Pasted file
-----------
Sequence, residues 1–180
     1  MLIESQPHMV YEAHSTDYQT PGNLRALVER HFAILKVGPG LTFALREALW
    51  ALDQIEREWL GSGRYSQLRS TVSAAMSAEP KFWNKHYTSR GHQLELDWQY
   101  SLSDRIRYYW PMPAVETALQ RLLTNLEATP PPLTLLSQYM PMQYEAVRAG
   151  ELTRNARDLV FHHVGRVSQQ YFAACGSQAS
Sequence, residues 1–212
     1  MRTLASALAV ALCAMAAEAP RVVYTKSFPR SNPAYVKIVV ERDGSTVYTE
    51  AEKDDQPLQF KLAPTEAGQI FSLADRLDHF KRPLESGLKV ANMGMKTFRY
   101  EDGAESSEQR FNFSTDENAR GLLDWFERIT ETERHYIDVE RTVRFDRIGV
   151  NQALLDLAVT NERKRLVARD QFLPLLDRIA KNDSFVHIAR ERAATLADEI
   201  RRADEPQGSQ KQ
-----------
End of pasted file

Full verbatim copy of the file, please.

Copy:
Sequence, residues 1–180
     1  MLIESQPHMV YEAHSTDYQT PGNLRALVER HFAILKVGPG LTFALREALW
    51  ALDQIEREWL GSGRYSQLRS TVSAAMSAEP KFWNKHYTSR GHQLELDWQY
   101  SLSDRIRYYW PMPAVETALQ RLLTNLEATP PPLTLLSQYM PMQYEAVRAG
   151  ELTRNARDLV FHHVGRVSQQ YFAACGSQAS
Sequence, residues 1–212
     1  MRTLASALAV ALCAMAAEAP RVVYTKSFPR SNPAYVKIVV ERDGSTVYTE
    51  AEKDDQPLQF KLAPTEAGQI FSLADRLDHF KRPLESGLKV ANMGMKTFRY
   101  EDGAESSEQR FNFSTDENAR GLLDWFERIT ETERHYIDVE RTVRFDRIGV
   151  NQALLDLAVT NERKRLVARD QFLPLLDRIA KNDSFVHIAR ERAATLADEI
   201  RRADEPQGSQ KQ